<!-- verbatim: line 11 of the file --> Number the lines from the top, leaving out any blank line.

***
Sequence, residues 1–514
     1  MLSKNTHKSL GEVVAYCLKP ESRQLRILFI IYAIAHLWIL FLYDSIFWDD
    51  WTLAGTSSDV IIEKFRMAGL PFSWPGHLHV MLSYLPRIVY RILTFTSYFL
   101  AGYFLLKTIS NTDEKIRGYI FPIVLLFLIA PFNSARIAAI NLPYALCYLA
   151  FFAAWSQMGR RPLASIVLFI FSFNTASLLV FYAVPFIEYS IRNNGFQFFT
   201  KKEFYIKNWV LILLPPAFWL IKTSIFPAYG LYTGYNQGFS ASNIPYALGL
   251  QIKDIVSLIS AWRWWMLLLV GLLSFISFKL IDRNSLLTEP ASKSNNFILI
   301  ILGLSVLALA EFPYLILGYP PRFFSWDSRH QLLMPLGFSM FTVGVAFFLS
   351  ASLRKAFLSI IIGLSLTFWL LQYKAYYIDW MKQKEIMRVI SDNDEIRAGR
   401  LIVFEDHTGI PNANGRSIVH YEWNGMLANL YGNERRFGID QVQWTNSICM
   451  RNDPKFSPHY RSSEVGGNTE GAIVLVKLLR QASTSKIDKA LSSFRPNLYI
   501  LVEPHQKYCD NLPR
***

   451  RNDPKFSPHY RSSEVGGNTE GAIVLVKLLR QASTSKIDKA LSSFRPNLYI